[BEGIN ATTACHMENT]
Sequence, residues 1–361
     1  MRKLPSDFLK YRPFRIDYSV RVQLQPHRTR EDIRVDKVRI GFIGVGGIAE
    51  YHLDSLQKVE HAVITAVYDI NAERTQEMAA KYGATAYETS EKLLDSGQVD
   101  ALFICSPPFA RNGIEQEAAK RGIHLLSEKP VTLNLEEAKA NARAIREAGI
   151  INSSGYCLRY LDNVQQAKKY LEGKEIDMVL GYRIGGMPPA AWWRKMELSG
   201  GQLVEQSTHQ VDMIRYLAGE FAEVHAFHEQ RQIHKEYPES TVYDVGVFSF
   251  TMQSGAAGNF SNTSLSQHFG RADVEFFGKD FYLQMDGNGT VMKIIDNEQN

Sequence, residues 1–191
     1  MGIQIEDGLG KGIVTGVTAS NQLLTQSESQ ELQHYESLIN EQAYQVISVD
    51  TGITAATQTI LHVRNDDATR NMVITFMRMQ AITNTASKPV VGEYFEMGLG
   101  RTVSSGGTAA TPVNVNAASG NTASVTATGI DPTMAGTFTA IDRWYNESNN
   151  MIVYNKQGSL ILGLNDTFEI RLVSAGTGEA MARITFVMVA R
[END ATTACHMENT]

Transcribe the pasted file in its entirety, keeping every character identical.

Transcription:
Sequence, residues 1–361
     1  MRKLPSDFLK YRPFRIDYSV RVQLQPHRTR EDIRVDKVRI GFIGVGGIAE
    51  YHLDSLQKVE HAVITAVYDI NAERTQEMAA KYGATAYETS EKLLDSGQVD
   101  ALFICSPPFA RNGIEQEAAK RGIHLLSEKP VTLNLEEAKA NARAIREAGI
   151  INSSGYCLRY LDNVQQAKKY LEGKEIDMVL GYRIGGMPPA AWWRKMELSG
   201  GQLVEQSTHQ VDMIRYLAGE FAEVHAFHEQ RQIHKEYPES TVYDVGVFSF
   251  TMQSGAAGNF SNTSLSQHFG RADVEFFGKD FYLQMDGNGT VMKIIDNEQN

Sequence, residues 1–191
     1  MGIQIEDGLG KGIVTGVTAS NQLLTQSESQ ELQHYESLIN EQAYQVISVD
    51  TGITAATQTI LHVRNDDATR NMVITFMRMQ AITNTASKPV VGEYFEMGLG
   101  RTVSSGGTAA TPVNVNAASG NTASVTATGI DPTMAGTFTA IDRWYNESNN
   151  MIVYNKQGSL ILGLNDTFEI RLVSAGTGEA MARITFVMVA R